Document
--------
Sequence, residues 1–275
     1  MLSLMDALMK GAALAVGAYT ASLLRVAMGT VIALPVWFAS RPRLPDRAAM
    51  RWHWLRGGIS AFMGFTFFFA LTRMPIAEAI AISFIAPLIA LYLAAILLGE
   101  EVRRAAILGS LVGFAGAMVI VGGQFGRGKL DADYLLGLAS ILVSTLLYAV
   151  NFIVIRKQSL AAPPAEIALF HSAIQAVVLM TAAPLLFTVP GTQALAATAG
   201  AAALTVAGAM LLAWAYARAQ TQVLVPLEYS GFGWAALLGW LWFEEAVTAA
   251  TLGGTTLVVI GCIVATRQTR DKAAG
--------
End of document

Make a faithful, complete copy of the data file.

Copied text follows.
Sequence, residues 1–275
     1  MLSLMDALMK GAALAVGAYT ASLLRVAMGT VIALPVWFAS RPRLPDRAAM
    51  RWHWLRGGIS AFMGFTFFFA LTRMPIAEAI AISFIAPLIA LYLAAILLGE
   101  EVRRAAILGS LVGFAGAMVI VGGQFGRGKL DADYLLGLAS ILVSTLLYAV
   151  NFIVIRKQSL AAPPAEIALF HSAIQAVVLM TAAPLLFTVP GTQALAATAG
   201  AAALTVAGAM LLAWAYARAQ TQVLVPLEYS GFGWAALLGW LWFEEAVTAA
   251  TLGGTTLVVI GCIVATRQTR DKAAG